Form Follows Culture, Nada Elkharashi, Turkey
photo credits: Nebojša Babić
A new set of everyday drinking objects examines cultural understandings and makes them part of its essential qualities to guide a new, improved, and healthier daily routine. Each triggers an embedded meaning, causing the user to react and respond to cultural traditions and values principles. Each re-imagines a healthier, more mindful everyday world, advancing the quality of life and increasing the overall well-being of individuals and communities for better cultural development. The design approach draws attention to the relationship between how we drink water and the effect of water on our bodies. The form of drinking in a sitting posture in which water is consumed has a massive effect on the human body, as it helps absorb most of the benefits of water as it passes through our body. Following cultural traditions, it is advised to drink water in a slow manner; have one sip, then breathe, then sip, then breathe, then sip, then breathe. This drinking technique in pauses allows the water to be slowly absorbed by the body, move through the body’s natural passages, and ensure all of the water’s benefits are delivered to the organs and flushing out impurities. If we drink too quickly, the body produces a protective response. It detects a sudden expansion and anticipates an increase in blood volume, and then protects itself by sending the excess volume directly to the kidneys to be excreted, even if the body has not yet reached full hydration. It is also advised not to breathe into the vessel. The breathing pauses are prompted to be taken outside the drinking object. The wisdom behind this principle is that it lessens the possibility of exhaled carbon dioxide being dissolved back into the water, where it forms carbonic acid. Over time, an increased level of carbonic acid can damage tissues and imbalance the metabolic system. Each slow gulp is an opportunity to refocus our consciousness and positively impact our mental and physical health. It denotes that everyday drinking objects should not be thought of as detached things stored up in an outside world but should be seen as stimuli whose character and distinguishing features are determined by their meanings.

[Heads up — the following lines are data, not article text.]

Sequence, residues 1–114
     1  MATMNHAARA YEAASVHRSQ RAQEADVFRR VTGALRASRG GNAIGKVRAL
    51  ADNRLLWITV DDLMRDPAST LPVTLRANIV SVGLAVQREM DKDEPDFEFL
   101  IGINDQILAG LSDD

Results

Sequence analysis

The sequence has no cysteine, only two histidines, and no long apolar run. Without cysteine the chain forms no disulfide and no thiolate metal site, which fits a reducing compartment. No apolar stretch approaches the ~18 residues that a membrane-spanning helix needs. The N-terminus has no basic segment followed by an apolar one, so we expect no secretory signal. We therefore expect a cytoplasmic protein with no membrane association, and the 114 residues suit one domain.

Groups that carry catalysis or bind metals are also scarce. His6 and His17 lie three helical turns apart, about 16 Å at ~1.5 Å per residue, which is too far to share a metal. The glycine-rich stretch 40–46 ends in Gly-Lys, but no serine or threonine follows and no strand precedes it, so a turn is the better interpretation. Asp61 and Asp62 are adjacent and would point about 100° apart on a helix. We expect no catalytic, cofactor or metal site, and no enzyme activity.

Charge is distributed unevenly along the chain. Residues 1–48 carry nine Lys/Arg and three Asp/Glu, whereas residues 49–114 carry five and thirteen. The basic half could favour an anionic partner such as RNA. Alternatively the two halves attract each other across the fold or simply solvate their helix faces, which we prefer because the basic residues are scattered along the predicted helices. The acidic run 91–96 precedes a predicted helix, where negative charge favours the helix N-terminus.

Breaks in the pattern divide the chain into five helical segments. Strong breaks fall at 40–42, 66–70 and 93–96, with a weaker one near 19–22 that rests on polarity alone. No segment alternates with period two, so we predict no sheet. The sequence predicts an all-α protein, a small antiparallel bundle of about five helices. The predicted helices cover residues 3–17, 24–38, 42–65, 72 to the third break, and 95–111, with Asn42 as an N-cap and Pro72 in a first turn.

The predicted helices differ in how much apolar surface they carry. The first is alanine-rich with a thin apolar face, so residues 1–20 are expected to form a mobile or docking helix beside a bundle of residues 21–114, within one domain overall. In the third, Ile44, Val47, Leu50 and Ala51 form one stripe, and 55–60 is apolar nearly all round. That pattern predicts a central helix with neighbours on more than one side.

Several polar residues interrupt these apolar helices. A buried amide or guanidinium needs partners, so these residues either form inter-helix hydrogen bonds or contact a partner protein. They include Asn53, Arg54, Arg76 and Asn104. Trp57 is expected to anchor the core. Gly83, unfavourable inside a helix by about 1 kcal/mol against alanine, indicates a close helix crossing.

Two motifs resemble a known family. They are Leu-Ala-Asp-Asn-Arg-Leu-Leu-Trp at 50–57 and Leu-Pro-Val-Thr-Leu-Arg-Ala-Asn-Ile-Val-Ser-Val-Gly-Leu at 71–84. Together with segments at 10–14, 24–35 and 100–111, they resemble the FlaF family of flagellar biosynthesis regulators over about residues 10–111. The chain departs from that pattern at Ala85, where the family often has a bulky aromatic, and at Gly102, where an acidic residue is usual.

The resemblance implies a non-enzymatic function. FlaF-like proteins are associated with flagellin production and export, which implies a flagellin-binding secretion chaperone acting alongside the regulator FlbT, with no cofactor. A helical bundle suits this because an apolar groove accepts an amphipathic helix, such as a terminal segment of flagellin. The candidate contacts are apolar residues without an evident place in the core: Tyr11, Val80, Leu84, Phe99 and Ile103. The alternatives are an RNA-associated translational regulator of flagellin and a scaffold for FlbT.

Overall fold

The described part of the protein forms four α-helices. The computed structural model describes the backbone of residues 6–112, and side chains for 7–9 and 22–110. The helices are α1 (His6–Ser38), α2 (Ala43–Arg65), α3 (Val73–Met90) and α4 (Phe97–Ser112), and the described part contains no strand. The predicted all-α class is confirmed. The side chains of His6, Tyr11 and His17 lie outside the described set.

The project has been developed during Masters of Fine Arts in Design Studies at Virginia Commonwealth University of the Arts in Qatar, academic year 2020/2021,under the advisory of Marco Bruno and Yasmeen Suleiman / Reader: Rab McClure.
Nada Elkharashi is an Interdisciplinary Designer, and a Design Researcher focused on creating thought-provoking experiences and realities. Her work lies at the intersection of materiality, cultural philosophy, and human ecology. In particular, her current research— published in VCU Scholars, employs natural materials and handmade techniques to imbue everyday objects with cultural insight that, in turn, stimulate and inform behavioral culture advancements.
She is skilled in understanding biological data to inform digital production, interactive visualizations, storytelling sensorial exhibitions, circular everyday furniture, and products.
Her past research has explored the charging experience of devices through Geobacter sulphureousness, a bacterium that builds electrically conductive protein nanowires, through assembled layers that provide the environment and surface area necessary to generate electricity from the ambient humidity in the air. Thus, promote social mindfulness towards ewaste, particularly in areas often characterized as highly employable matter in technology-based hardware.
Her other work intends to address the post-revolution disenfranchised population’s informality and fragmentation issues through testing the feasibility of reclaimed materials as a tool to advocate for vocational narratives and emotional responses. Her other projects tackled various interdisciplinary topics in bioplastics waste formation, cultural authenticity, habitual behavior, and urban behaviorist research, exhibiting her works around Qatar.
Nada holds a Bachelor’s degree in Interior Architecture Honors— BFA from Virginia Commonwealth University School of Arts with a full scholarship from Hamad Bin Khalifa for academic merit and excellence, and a Master’s degree in Interdisciplinary Design Studies—MFA, from Virginia Commonwealth University with a received graduate fellowship from the Dean of the Graduate School for academic achievements.